Implementing a virtual desktop infrastructure secured with two-factor authentication enables a smooth, safe transition. Eighty-five percent of St. Luke’s employees were already using VDI on a daily basis, Averill said, and UT Austin was able to get 90 percent of employees to work from home via VDI, Daugherty said.

Marques, of Halifax Health, recommended scaling a hospital system’s telecommuting strategy in stages. “Work with human resources to develop a list of nonessential personnel and do a ramp-up,” he said. “That way, you don’t immediately take thousands of workers online overnight.”

The surge in remote workers presents two challenges for IT leaders: increasing bandwidth to support videoconferencing and rising demand for telehealth, and ensuring information and application security from a distance.

Jeremy Weiss, a healthcare security solution architect for CDW, recommended using virtual appliances instead of hardware to increase bandwidth. Software licenses are easier to obtain on short notice than hardware, he said, and hardware should be reserved for use onsite to optimize network performance and support patient care.

Weiss also urged the use of strong passwords, a heightened awareness of remote workers’ vulnerability to cyberattacks, and automatic time-outs of VDI sessions after no more than 30 seconds of inactivity, just as onsite workstations log users out when they walk away. “Those open sessions are easy prey for … man-in-the-middle attacks.”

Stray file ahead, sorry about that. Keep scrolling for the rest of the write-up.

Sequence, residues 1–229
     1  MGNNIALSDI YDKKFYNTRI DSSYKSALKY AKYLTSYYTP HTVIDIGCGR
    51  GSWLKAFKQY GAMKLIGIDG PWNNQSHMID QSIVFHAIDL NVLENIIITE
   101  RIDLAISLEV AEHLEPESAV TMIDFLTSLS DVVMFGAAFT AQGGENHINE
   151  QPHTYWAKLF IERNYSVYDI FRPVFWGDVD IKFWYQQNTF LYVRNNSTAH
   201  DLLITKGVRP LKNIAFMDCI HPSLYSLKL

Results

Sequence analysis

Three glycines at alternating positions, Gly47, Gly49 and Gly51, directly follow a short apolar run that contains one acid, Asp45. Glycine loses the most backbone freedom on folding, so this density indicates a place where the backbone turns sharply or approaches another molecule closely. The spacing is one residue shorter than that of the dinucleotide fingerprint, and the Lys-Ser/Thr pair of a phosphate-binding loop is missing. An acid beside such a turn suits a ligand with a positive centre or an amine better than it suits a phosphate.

READ MORE: Learn three methods for minimizing security risks in healthcare.

3. Handle Matters at Hand While Planning for the Future

No matter how much a hospital system prepares for disruption, IT leaders must understand that no two days of disaster response will be the same. 

A text message received at 4:30 a.m. alerting UT Austin’s Daugherty to presumptive positive cases at the hospital prompted teams to quickly to set up patient triage in a parking garage, complete with wired and wireless internet, wired phone lines and workstations. 

Experts from two local hospital systems share how they are ensuring business continuity during a pandemic.

“We need to be agile, to meet provider’s needs so they can continue to see patients and deliver care in the current environment,” she said. “The situation changes on the hour, on the minute. As different [government] agencies provide new guidance, we continue to learn more about what we’re dealing with.”

At Ohio’s Wooster Community Hospital Health System, agility came in a few forms, noted Director of Information Systems Trevor Clere.

When the system’s EHR vendor offered its customers six months of free telemedicine, Wooster stood up the service in a week and rolled it out for nonurgent follow-up visits. The system also expanded its use of virtual rounding beyond its initial use cases in the stroke and neurology units.

“We have these carts that we can take anywhere,” Clere said. “They just need to be cleaned relatively quickly.” 

Wooster isn’t letting the pandemic hinder progress. The system is moving ahead with plans to remediate servers from 2008, install security patches and implement multifactor authentication across the board — efforts that will pay off now and over years to come.

“You need to keep the forward schedule going,” Clere said. “It also helps the CFO stay ahead of the game and make sure the dollars are allocated.”